The YGS Group

Gift Giving in Corporate America

Gift Giving in Corporate America

This is one of those years when we have one less week between Thanksgiving and Christmas. You’re in luck though, because in this week’s blog we’re getting a head start on the best gifts to give your clients to show them you truly appreciate their business.

Obviously, you don’t want gifts to be seen as bribes to continue doing business with your company. The first step to corporate gift giving is to consider the monetary value of gifts. It’s important to not overwhelm your clients or customers with a gift that is over-the-top in regard to cost. Conversely, you don’t want the gift to be considered “cheap” and have your clients equate your gift with low-quality products or services the rest of the year.

The gift you give will depend on the size of your company, the size of your client base, and most importantly, the kind of relationship you have with each client. It’s important that your clients know who is sending the gift; even if your name is on the “from” line on the tag, the gift should speak for itself regarding its sender.

There is really only one hard and fast rule when it comes to choosing the best gift: know your recipient. If you understand your clients’ businesses and their modus operandi, choosing the perfect gift shouldn’t be a challenge.

Many companies send greeting cards as a way to connect with each client throughout the holiday season. Hand-written notes are unexpected in today’s digital communication sphere, and a personal hand-written note is even more cherished. Take the time to remark on a specific event that you enjoyed with each client: “Our monthly lunch meetings at George’s Grill are always so productive. Let’s make sure to build on that tradition in the New Year.” “So great bumping into you at the farmer’s market last week. I hope you and Teresa have a wonderful holiday with your in-laws in Boston!” Taking the time to remark on personal events in your clients’ lives will help cement your relationship and show you pay attention to the details. If you operate within the same geographic area as most of your clients, consider dropping off the holiday notes in person. If your clients have recently become paperless, there is always the e-card option. Also consider the chance to record individual video messages for each client. Not only will they appreciate the time you take to record each message, but they also get to see and hear your thanks.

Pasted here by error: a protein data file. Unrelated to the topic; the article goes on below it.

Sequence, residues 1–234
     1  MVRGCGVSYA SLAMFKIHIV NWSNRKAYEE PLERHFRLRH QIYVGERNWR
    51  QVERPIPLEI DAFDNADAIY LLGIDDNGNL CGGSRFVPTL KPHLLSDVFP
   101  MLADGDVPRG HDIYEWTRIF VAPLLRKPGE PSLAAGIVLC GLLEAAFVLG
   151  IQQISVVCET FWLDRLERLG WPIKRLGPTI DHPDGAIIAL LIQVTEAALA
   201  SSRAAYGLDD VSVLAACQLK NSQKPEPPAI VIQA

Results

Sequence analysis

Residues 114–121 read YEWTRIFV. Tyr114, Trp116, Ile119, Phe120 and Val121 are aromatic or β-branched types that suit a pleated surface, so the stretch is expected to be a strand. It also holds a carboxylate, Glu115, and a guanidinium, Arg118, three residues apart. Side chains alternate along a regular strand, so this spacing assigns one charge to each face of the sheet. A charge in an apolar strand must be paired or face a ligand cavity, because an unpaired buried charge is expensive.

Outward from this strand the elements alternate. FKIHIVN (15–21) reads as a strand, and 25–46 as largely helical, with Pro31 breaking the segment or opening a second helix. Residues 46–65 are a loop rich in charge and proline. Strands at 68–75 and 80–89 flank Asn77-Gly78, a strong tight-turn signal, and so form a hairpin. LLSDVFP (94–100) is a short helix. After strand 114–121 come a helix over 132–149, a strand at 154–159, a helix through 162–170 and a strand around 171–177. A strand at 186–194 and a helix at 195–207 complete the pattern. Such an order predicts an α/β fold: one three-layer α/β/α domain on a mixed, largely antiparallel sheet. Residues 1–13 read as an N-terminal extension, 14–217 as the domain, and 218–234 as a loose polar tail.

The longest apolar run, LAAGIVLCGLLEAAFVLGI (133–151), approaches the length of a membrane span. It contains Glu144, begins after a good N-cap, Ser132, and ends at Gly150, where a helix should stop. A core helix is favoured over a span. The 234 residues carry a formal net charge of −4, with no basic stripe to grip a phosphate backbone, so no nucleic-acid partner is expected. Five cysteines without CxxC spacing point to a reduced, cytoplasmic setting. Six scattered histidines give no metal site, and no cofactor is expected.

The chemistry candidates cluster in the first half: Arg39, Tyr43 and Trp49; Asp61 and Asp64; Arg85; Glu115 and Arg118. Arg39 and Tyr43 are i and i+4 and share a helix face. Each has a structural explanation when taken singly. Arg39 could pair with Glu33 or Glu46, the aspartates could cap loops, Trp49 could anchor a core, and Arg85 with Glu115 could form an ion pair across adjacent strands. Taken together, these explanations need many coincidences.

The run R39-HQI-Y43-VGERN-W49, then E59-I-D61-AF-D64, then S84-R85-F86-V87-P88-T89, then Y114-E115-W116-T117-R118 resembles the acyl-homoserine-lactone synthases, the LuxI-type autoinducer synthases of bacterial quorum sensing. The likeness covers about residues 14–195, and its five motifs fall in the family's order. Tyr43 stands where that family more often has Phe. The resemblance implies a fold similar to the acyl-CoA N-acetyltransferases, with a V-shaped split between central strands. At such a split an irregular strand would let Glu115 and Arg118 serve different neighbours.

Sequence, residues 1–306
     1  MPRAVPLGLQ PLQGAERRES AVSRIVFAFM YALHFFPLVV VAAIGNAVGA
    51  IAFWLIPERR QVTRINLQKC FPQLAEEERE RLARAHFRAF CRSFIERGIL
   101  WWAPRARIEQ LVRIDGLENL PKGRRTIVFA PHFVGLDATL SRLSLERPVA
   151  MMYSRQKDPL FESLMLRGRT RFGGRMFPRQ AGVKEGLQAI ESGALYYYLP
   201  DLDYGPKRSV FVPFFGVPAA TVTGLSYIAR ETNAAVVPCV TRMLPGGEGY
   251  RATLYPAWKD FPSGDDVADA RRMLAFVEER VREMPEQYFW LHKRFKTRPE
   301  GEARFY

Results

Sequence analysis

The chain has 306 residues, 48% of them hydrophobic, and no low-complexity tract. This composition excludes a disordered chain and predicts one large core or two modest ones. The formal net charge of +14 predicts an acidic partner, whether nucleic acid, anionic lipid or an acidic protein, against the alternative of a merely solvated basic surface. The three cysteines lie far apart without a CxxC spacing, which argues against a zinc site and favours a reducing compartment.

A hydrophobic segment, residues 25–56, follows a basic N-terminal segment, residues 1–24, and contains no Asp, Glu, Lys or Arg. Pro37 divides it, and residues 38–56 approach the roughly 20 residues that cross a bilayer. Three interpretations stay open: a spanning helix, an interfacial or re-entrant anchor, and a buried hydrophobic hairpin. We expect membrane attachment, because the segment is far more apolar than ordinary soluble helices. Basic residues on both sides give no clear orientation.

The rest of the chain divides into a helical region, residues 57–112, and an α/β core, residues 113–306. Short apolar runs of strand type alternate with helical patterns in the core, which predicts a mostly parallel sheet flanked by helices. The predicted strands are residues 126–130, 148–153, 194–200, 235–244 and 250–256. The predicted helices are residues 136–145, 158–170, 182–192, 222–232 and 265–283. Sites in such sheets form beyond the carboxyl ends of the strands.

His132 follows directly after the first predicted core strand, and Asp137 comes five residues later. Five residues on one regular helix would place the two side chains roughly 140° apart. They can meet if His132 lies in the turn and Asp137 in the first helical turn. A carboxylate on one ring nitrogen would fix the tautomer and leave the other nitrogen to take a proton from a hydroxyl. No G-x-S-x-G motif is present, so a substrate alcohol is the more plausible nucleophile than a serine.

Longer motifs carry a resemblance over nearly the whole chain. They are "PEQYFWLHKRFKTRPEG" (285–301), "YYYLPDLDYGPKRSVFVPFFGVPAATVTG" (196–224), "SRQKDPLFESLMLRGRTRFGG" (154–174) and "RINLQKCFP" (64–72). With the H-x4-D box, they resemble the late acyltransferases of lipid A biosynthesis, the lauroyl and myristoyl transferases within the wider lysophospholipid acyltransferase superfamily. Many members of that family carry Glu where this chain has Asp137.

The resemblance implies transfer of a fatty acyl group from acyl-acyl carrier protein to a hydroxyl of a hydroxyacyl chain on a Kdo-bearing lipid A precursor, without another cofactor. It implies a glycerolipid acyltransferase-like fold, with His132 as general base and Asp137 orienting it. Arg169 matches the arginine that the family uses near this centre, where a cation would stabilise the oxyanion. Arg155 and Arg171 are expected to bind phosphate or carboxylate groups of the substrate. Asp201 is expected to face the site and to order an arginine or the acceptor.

Physical gifts are a great way to make the gesture last longer than a wall of holiday cards in the building entrance. However, it’s important that your gift has purpose for your client, or else it’s just another trinket taking up space in a drawer. When it comes to these kinds of gifts, consider the place and purpose of most of your meetings. For your clients that appreciate business meetings on the back nine, consider quality personalized golf balls or a club towel with your logo imprinted. If your client tends to take notes during meetings, an engraved pen with their name or company logo, or stylus for the technologically inclined, is a great option. Clients who listen to music while they work would appreciate a nice set of speakers or headphones.

Finally, food is the reason for the season for so many people. Food allows you the chance to honor more than just your direct contact, too. You can send fruit baskets or baked goods for clients to share with the office. It’s important to not send just another fruitcake, though. Instead, offer to pay for the catering at the holiday party, or surprise your clients with a random hot lunch in house. (Make sure someone is in on the secret, so it’s not an overwhelming surprise.) Bonding moments happen so often over meals, and many of you have forged business relationships or even signed contracts at the dinner table. This gift is a way to take it back to basics and show you care about keeping your clients satisfied.

The bottom line to gift giving with your clients is the same bottom line when giving gifts in general: This is an act of appreciation for the relationship that exists. While the gesture can be an opportunity to boost your brand image and awareness, this is also your chance to say “I know that this particular gift would be important to you and your team because I understand and appreciate you.”

Now that you have these tools and ideas in your gift-giving warehouse, I’d recommend you start organizing. There are only five shopping weeks left!